My previous post was actually triggered by an attempt to re-read Feynman’s Lectures on Quantum Mechanics, but in reverse order this time: from the last chapter to the first. [In case you doubt, I did follow the correct logical order when working my way through them for the first time because… Well… There is no other way to get through them otherwise. š ] But then I was looking at Chapter 20. It’s a Lecture on quantum-mechanical operators – so that’s a topic which, in other textbooks, is usually tackled earlier on. When re-reading it, I realize why people quickly turn away from the topic of physics: it’s a lot of mathematical formulas which are supposed to reflect reality but, in practice, few – if any – of the mathematical concepts are actually being explained. Not in the first chapters of a textbook, not in its middle ones, and… Well… Nowhere, really. Why? Well… To be blunt: I think most physicists themselves don’t really understand what they’re talking about. In fact, as I have pointed out a couple of times already, Feynman himself admits so much:
āAtomic behaviorĀ appears peculiar and mysterious to everyoneāboth to the novice and to the experienced physicist.Ā Even the experts do not understand it the way they would like to.ā
Soā¦ Wellā¦ If youād be in need of a rather spectacular acknowledgement of the shortcomings of physics as a science, here you have it: if you don’t understand what physicists are trying to tell you, don’t worry about it, because they donāt really understand it themselves. š
Take the example of aĀ physical state, which is represented by aĀ state vector, which we can combine and re-combine using the properties of an abstractĀ Hilbert space.Ā Frankly, I think the word is very misleading, because it actually doesn’t describe an actual physical state. Why? Well… If we look at this so-called physical state from another angle, then we need to transform it using a complicated set of transformation matrices. You’ll say: that’s what we need to do when going from one reference frame to another in classical mechanics as well, isn’t it?
Well… No. In classical mechanics, we’ll describe the physics using geometric vectors in three dimensions and, therefore, theĀ baseĀ of our reference frame doesn’t matter: because we’re usingĀ realĀ vectors (such as the electric of magnetic field vectors E and B), our orientation vis-Ć”-vis the object – theĀ line of sight, so to speak – doesn’t matter.
In contrast, in quantum mechanics, it does: SchrĆ¶dinger’s equation – and the wavefunction – has only two degrees of freedom, so to speak: its so-called real and its imaginary dimension. Worse, physicists refuse to give those two dimensions anyĀ geometricĀ interpretation. Why? I don’t know. As I show in my previous posts, it would be easy enough, right? We know both dimensions must be perpendicular to each other, so we just need to decide ifĀ bothĀ of them are going to be perpendicular to our line of sight. That’s it. We’ve only got two possibilities here which – in my humble view – explain why the matter-wave is different from an electromagnetic wave.
I actually can’t quite believe the craziness when it comes to interpreting the wavefunction: we get everything we’d want to know about our particle through these operators (momentum, energy, position, and whatever else you’d need to know), but mainstream physicists still tell us that the wavefunction is, somehow, not representing anything real. It might be because of that weird 720Ā° symmetry – which, as far as I am concerned, confirms that those state vectors are not the right approach: you can’t represent a complex, asymmetrical shape by a ‘flat’ mathematical object!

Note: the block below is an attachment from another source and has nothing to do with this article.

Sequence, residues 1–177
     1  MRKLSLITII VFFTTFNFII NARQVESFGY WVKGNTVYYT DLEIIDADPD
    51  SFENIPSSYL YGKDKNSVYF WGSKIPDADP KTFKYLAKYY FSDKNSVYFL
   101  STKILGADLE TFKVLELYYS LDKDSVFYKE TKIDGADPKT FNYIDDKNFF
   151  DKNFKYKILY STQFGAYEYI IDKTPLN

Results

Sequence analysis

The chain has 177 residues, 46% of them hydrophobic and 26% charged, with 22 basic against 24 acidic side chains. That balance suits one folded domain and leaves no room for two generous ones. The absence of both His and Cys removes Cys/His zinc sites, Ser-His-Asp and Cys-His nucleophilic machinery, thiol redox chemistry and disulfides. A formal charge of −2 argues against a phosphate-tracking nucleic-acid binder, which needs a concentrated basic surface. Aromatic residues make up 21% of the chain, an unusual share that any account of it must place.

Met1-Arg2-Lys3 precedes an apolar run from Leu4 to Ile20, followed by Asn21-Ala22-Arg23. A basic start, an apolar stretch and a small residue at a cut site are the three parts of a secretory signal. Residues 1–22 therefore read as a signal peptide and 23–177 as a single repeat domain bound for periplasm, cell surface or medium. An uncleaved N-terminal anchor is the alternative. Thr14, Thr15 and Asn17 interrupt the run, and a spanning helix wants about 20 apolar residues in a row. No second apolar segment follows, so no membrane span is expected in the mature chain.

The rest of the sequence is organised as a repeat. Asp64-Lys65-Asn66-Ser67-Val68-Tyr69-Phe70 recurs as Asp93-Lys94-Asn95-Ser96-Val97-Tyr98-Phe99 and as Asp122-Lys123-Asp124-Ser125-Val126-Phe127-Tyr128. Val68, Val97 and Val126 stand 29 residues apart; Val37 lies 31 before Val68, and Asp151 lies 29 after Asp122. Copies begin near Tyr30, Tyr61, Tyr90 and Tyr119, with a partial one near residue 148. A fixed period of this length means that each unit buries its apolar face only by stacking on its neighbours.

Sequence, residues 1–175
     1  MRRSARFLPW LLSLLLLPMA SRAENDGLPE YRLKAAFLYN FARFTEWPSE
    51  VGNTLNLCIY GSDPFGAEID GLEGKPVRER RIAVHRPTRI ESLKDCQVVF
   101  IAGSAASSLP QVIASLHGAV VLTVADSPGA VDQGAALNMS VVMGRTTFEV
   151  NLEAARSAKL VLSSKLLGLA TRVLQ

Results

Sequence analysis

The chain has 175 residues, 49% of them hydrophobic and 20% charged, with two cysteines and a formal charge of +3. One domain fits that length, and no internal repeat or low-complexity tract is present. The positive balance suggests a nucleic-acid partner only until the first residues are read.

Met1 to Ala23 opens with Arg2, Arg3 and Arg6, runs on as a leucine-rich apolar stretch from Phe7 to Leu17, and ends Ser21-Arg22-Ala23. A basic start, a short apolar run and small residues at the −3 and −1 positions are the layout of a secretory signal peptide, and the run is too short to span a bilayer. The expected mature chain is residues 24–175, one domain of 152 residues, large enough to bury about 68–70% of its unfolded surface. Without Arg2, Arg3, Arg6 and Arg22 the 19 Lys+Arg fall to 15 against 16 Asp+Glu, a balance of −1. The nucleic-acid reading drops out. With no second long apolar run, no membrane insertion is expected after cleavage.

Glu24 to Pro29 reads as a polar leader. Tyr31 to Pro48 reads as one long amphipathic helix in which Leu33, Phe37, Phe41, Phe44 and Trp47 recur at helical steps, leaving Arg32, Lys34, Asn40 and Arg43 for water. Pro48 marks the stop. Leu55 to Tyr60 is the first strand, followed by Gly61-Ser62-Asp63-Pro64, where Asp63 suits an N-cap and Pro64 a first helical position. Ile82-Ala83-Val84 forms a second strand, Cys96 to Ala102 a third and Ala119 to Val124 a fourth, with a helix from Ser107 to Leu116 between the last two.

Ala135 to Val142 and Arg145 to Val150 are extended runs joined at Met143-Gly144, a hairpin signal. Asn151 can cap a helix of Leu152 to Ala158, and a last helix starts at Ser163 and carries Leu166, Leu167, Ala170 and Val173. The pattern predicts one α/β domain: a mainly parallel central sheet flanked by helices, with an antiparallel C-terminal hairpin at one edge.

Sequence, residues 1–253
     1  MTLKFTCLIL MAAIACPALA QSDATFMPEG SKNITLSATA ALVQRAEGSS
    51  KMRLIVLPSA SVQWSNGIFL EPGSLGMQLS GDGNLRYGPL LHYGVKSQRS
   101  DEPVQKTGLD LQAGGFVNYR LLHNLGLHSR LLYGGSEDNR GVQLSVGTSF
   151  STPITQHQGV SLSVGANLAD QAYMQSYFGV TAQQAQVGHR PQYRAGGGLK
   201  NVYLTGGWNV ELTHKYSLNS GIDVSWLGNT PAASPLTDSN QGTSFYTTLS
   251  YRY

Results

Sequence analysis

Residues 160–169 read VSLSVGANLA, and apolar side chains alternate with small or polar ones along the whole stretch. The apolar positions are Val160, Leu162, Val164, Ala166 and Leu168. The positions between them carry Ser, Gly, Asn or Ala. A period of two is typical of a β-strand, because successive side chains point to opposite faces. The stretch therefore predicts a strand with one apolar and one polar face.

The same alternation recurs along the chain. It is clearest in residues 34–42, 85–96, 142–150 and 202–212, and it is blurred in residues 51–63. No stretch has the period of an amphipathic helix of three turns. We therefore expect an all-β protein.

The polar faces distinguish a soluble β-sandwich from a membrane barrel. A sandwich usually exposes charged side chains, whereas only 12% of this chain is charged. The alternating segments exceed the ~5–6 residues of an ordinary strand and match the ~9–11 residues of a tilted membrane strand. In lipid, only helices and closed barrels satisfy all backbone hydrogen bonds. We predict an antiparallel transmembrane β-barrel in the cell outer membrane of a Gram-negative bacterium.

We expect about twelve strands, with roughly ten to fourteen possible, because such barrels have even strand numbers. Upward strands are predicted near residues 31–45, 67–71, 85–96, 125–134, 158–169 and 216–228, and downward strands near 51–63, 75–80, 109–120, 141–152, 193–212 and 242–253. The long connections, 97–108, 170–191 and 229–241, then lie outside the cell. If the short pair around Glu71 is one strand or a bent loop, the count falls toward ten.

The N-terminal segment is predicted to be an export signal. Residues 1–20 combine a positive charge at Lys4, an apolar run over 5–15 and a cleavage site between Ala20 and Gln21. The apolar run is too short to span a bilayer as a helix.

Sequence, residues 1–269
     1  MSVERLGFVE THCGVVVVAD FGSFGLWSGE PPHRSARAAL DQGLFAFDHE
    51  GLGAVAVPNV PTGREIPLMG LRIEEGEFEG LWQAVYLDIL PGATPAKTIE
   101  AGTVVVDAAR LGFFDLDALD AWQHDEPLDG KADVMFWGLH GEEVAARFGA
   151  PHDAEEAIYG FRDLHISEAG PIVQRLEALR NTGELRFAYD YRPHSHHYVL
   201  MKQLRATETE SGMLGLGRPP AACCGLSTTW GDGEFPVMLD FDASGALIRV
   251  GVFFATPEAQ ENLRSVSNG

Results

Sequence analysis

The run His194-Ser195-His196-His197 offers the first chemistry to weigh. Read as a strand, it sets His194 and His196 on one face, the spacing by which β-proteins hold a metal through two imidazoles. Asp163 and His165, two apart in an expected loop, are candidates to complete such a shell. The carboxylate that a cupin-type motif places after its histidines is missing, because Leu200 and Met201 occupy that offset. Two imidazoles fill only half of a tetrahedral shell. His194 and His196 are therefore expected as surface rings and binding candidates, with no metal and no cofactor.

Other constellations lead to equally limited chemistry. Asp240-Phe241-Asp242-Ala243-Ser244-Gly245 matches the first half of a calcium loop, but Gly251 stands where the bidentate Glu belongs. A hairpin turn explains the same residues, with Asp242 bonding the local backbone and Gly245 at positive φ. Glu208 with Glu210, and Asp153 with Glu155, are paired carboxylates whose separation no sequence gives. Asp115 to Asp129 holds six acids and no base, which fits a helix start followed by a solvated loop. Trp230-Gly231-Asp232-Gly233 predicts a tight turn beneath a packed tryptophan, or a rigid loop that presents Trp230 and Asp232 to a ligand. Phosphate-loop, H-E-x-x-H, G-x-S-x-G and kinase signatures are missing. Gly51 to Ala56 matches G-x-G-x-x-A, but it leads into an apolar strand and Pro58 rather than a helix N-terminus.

Huh?Ā Yes.Ā TheĀ wavefunction is a ‘flat’ concept: it has two dimensions only, unlike theĀ realĀ vectors physicists use to describe electromagnetic waves (which we may interpret as the wavefunction of the photon). Those have three dimensions, just like the mathematical space we project on events. Because the wavefunction is flat (think of a rotating disk), we have those cumbersome transformation matrices: each time we shift positionĀ vis-Ć”-vis the object we’re looking at (das Ding an sich, as Kant would call it), we need to change our description of it. And our description of it – the wavefunction – is all we have, so that’sĀ ourĀ reality. However, because that reality changes as per our line of sight, physicists keep saying the wavefunction (orĀ das Ding an sichĀ itself) is, somehow, not real.
Frankly,Ā I do think physicists should take a basic philosophy course: you can’t describe what goes on in three-dimensional space if you’re going to use flat (two-dimensional) concepts, because the objects we’re trying to describe (e.g. non-symmetrical electron orbitals) aren’t flat. Let me quote one of Feynman’s famous lines on philosophers:Ā āThese philosophersĀ areĀ alwaysĀ with us, struggling in the periphery toĀ tryĀ toĀ tell us something, but they never really understand the subtleties and depth of the problem.ā (Feynman’s Lectures, Vol. I, Chapter 16)
Now, IĀ loveĀ Feynman’s Lectures but…Ā Well… I’ve gone through them a couple of times now, so I do think I have an appreciation of the subtleties and depth of the problem now. And I tend to agree with some of the smarter philosophers: if you’re going to use ‘flat’ mathematical objects to describe three- or four-dimensional reality, then such approach will only get you where we are right now, and that’s a lot of mathematical mumbo-jumboĀ for the poor uninitiated. Consistent mumbo-jumbo, for sure, but mumbo-jumbo nevertheless. š So, yes, I do think we need to re-invent quantum math. š The description may look more complicated, but it would make more sense.